Regulators get doctors' view of plan issues
■ The AMA is calling for greater regulation and scrutiny of insurance plans' contracting techniques.
By Bob Cook — Posted July 4, 2005
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Physicians are taking their case to insurance regulators and legislators about the dire effect a lack of transparency in health plan contracts has had on their practices.
AMA Chair J. James Rohack, MD, on June 13 testified before the National Assn. of Insurance Commissioners on transparency issues -- which include plans' failing to disclose reimbursement schedules, downcoding and bundling of claims, and putting physicians on so-called "silent" PPO networks. He called on the NAIC to include the AMA's suggestions in any model standards it develops.
The NAIC, which encompasses state-level insurance regulators, had Dr. Rohack speak to its Health Insurance and Managed Care committee at its annual convention. On July 8, Dr. Rohack is set speak before the National Conference of Insurance Legislators. It is believed to be the first time either organization has invited a physician organization to speak.
Many states have passed prompt-payment laws and other legislation designed to give physicians some protection in health plan contracting. But Dr. Rohack, in his NAIC testimony, explained how health plans have used their market dominance to, essentially, force physicians into their networks at their terms.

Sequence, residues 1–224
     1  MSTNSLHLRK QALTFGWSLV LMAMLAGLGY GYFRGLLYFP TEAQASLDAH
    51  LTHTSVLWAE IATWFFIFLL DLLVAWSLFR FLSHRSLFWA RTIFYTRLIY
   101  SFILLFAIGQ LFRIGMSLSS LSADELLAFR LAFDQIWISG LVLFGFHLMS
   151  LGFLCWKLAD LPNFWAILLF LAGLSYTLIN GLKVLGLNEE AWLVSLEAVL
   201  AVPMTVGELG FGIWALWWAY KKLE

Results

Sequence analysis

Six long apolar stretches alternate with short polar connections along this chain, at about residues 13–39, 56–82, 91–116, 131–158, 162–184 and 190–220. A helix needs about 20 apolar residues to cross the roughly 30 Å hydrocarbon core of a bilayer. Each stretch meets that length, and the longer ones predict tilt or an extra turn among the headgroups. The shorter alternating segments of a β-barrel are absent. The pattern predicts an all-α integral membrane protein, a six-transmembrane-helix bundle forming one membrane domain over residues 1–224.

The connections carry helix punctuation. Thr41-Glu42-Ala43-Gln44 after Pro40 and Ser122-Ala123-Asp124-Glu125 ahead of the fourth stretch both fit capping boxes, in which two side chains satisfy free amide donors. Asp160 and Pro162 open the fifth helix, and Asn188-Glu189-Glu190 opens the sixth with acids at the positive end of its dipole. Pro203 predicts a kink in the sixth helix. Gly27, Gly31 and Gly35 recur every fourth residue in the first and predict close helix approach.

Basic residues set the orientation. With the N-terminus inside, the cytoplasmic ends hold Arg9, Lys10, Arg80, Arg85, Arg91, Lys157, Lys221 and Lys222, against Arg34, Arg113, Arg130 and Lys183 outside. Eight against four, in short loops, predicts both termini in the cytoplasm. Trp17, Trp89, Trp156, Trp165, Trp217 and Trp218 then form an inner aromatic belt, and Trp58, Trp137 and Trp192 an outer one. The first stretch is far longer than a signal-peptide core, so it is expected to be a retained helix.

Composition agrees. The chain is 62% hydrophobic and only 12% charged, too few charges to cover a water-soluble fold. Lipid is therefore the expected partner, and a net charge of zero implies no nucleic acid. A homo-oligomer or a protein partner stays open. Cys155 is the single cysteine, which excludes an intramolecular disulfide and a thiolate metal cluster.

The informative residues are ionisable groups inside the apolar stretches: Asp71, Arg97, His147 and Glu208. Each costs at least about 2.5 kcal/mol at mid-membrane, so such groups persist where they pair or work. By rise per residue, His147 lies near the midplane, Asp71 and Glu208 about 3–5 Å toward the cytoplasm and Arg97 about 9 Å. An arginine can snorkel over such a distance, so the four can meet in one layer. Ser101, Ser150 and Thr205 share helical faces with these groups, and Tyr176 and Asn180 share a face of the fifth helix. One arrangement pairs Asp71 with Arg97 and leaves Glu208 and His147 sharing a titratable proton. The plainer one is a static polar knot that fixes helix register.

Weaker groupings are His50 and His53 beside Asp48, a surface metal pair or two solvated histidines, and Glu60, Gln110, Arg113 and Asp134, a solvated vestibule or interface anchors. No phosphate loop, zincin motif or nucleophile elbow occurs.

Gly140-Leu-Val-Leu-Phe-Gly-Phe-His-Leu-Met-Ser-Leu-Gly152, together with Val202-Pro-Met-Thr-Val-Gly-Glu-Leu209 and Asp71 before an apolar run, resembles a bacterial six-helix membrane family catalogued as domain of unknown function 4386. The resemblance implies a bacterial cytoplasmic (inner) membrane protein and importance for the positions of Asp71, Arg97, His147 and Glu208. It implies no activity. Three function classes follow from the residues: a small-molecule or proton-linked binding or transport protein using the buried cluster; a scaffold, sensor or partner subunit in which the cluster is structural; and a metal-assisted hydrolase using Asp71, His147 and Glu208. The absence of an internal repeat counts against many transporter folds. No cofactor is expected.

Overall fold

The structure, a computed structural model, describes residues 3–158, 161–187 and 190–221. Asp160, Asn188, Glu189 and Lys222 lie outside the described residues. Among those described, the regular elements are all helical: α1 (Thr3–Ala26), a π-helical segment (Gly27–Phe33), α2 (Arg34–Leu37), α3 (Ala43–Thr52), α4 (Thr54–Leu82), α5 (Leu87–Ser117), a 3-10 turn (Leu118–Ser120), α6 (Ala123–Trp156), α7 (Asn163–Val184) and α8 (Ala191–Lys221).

"The AMA believes that the shroud of secrecy covering the entire health care payment process must be lifted," Dr. Rohack told the NAIC.
Also, Dr. Rohack testified about "the unregulated secondary discount market" in the PPO industry. A growing number of entities do nothing but put together networks of physicians and lease those networks, along with "associated provider discounts," to other plans. Often, the leasing occurs without physicians' consent in "silent" PPOs.
"Given the huge amount of health care resources these entities are siphoning from the system, it is extremely troubling that they function with little or no oversight," he said. "We believe that this entire secondary discount market must be carefully scrutinized and regulated."